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The Plame Case and the Argument for War in Iraq

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The Plame Case and the Argument for War in Iraq


The Plame Case and the Argument for War in Iraq

The Plame Case and the Argument for War in Iraq

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Steve Inskeep talks to former weapons inspector David Kay about how the CIA-leak investigation is related to the Bush administration's initial argument for war in Iraq. The White House claimed Iraq possessed weapons of mass destruction.


People in Washington are still waiting for any news from the CIA leak investigation. Top advisers to President Bush and Vice President Cheney face a grand jury probe into whether they revealed a covert officer's name. This morning we're examining the way that story relates to the justification for the war and the reality of what that war has become. We turn first to the outing of Valerie Plame. Reporters were told her name in the summer of 2003, around the time her husband attacked the Bush administration in an Op-Ed article. Her husband was a former diplomat, Joseph Wilson.


To review some of the background, we've contacted David Kay. He's the American weapons inspector who concluded that there was no evidence of an Iraqi weapons program.

Mr. Kay, thanks for joining us.

Mr. DAVID KAY (Former Weapons Inspector): Happy to be with you.

INSKEEP: Can you just first off remind us of the mission before the war in Iraq that got Ambassador Joseph Wilson involved in the hunt for weapons of mass destruction?

Mr. KAY: Well, apparently there was a report from foreign intelligence sources, as I understand, that the Iraqis had pursued the purchase of uranium ore from Niger. Now we know that Iraqis had indeed procured uranium from Niger during the 1980s, and so the decision was made to send former Ambassador Wilson to see what he could gather on the ground.

INSKEEP: And he didn't find anything, anything incriminating.

Mr. KAY: He reported back that he found no evidence that this was, in fact, a truthful report.

INSKEEP: So in spite of that, President Bush ends up mentioning this search for uranium. Other administration officials allude to a search for uranium, as they justify the war against Saddam Hussein.

Mr. KAY: Well, they do, but the president cited a British intelligence report as the basis of it, not a CIA report. And I should add on this point that until the day I resigned, the British maintained that, in fact, there was evidence of a purchase from Niger. I never found that evidence. In fact, Ambassador Wilson's report had essentially no primary new evidence. In fact, the documents that it's based on are such crude forgeries it's hard to imagine that anyone would ever treat them seriously, based on just those documents.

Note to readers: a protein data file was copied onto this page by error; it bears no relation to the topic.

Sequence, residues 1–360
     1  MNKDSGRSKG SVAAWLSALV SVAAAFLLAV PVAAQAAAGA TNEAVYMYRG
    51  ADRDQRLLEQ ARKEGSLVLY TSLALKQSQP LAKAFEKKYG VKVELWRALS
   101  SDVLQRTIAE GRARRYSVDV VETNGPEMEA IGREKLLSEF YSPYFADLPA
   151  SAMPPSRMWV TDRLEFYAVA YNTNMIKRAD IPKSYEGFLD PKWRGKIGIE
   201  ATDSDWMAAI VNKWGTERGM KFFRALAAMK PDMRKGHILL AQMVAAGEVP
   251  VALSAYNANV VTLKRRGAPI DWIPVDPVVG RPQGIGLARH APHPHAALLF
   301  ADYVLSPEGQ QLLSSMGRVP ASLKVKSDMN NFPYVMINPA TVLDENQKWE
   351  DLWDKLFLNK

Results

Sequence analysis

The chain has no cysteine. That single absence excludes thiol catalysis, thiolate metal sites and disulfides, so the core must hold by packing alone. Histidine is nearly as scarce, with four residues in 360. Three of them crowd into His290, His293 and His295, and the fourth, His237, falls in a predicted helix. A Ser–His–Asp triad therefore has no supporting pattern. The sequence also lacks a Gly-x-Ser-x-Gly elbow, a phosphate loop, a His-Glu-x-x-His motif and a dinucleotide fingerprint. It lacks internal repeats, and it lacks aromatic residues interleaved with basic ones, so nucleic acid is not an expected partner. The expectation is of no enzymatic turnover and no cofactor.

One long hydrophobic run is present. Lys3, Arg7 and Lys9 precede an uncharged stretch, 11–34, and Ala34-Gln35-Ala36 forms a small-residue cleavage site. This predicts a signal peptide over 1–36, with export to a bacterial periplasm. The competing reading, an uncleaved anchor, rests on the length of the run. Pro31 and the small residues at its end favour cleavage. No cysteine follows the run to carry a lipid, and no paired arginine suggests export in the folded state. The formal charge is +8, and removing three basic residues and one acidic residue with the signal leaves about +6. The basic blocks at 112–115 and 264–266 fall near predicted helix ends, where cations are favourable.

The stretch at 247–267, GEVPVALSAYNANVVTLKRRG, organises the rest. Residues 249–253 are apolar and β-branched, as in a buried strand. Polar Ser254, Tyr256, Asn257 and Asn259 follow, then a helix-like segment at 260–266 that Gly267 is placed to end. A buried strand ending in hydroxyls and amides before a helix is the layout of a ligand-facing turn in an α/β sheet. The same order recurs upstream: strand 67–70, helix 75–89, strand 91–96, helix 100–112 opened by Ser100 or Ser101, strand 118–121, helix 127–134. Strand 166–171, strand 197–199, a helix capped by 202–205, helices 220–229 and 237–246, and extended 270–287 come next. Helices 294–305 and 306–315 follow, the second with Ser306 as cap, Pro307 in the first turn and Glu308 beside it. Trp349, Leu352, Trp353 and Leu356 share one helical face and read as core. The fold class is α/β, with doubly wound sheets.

INSKEEP: Well, how do you see Joseph Wilson's mission and this leak case fitting into our understanding of the debate over weapons of mass destruction before the war?

Mr. KAY: It was widely believed that Iraq had chemical and biological weapons. This was the conclusion, not only of the US intelligence community, it was the conclusion of the British intelligence community, the French, Germans. So I think the larger issue is: Why did we get it so wrong? You know, if anyone in the administration did take a conscious decision to discredit Wilson, they made something serious that, in fact, was in--trivial and a side show to the broader issue of the failure of the intelligence community to get it right.

INSKEEP: How high were the stakes in that period, in 2003, as people were beginning the debate over whether anything had been found or whether the war was justified?

Mr. KAY: Well, the stakes were quite high. Everyone was willing to assert that we went to war because of the threat of weapons of mass destruction. Subsequently, other arguments have come to the fore. But stakes were very high.

INSKEEP: Does it matter that some of the same people who were involved in making the case for war that turned out to be erroneous are people who have turned up as being involved in this investigation of the leaking of the name after the war?

Mr. KAY: Well, I think it certainly leads, at least me, to conclude that their judgment was flawed on small issues, as well as large issues. I do not understand how anyone could have concluded that it was worth running the risk of disclosing a secret intelligence officer to discredit a messenger about a deal that they knew by that point, in fact, had never taken place.

INSKEEP: David Kay was the head of the US effort to find weapons of mass destruction in Iraq after the war.

Mr. Kay, thanks very much.

Mr. KAY: OK. Thank you.

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